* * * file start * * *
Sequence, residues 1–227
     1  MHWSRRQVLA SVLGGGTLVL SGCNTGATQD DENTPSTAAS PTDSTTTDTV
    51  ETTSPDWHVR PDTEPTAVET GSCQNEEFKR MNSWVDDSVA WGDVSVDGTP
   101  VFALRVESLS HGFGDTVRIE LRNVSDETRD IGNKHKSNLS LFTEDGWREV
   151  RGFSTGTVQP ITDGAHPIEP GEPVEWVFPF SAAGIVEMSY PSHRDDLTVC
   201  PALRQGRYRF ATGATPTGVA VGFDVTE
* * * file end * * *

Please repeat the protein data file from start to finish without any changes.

Sequence, residues 1–227
     1  MHWSRRQVLA SVLGGGTLVL SGCNTGATQD DENTPSTAAS PTDSTTTDTV
    51  ETTSPDWHVR PDTEPTAVET GSCQNEEFKR MNSWVDDSVA WGDVSVDGTP
   101  VFALRVESLS HGFGDTVRIE LRNVSDETRD IGNKHKSNLS LFTEDGWREV
   151  RGFSTGTVQP ITDGAHPIEP GEPVEWVFPF SAAGIVEMSY PSHRDDLTVC
   201  PALRQGRYRF ATGATPTGVA VGFDVTE